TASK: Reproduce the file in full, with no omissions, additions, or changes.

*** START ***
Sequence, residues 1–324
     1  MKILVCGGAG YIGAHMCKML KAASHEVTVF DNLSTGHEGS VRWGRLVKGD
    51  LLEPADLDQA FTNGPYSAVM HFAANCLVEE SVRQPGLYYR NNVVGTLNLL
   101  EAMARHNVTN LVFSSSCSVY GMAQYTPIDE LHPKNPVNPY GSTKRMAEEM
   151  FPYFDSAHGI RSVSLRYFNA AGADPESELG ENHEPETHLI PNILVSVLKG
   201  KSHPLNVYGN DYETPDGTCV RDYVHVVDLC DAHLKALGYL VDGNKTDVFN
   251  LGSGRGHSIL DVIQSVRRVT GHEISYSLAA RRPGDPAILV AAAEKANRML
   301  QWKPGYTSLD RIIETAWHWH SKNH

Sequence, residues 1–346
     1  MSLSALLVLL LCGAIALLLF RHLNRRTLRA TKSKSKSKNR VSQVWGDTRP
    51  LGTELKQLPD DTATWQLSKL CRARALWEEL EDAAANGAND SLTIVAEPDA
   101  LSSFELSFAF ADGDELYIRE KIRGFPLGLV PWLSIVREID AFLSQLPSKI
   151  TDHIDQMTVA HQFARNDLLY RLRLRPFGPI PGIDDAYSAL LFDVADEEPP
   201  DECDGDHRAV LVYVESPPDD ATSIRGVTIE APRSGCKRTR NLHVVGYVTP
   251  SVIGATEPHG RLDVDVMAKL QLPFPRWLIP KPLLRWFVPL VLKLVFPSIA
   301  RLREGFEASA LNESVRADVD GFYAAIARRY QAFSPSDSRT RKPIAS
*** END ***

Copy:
Sequence, residues 1–324
     1  MKILVCGGAG YIGAHMCKML KAASHEVTVF DNLSTGHEGS VRWGRLVKGD
    51  LLEPADLDQA FTNGPYSAVM HFAANCLVEE SVRQPGLYYR NNVVGTLNLL
   101  EAMARHNVTN LVFSSSCSVY GMAQYTPIDE LHPKNPVNPY GSTKRMAEEM
   151  FPYFDSAHGI RSVSLRYFNA AGADPESELG ENHEPETHLI PNILVSVLKG
   201  KSHPLNVYGN DYETPDGTCV RDYVHVVDLC DAHLKALGYL VDGNKTDVFN
   251  LGSGRGHSIL DVIQSVRRVT GHEISYSLAA RRPGDPAILV AAAEKANRML
   301  QWKPGYTSLD RIIETAWHWH SKNH

Sequence, residues 1–346
     1  MSLSALLVLL LCGAIALLLF RHLNRRTLRA TKSKSKSKNR VSQVWGDTRP
    51  LGTELKQLPD DTATWQLSKL CRARALWEEL EDAAANGAND SLTIVAEPDA
   101  LSSFELSFAF ADGDELYIRE KIRGFPLGLV PWLSIVREID AFLSQLPSKI
   151  TDHIDQMTVA HQFARNDLLY RLRLRPFGPI PGIDDAYSAL LFDVADEEPP
   201  DECDGDHRAV LVYVESPPDD ATSIRGVTIE APRSGCKRTR NLHVVGYVTP
   251  SVIGATEPHG RLDVDVMAKL QLPFPRWLIP KPLLRWFVPL VLKLVFPSIA
   301  RLREGFEASA LNESVRADVD GFYAAIARRY QAFSPSDSRT RKPIAS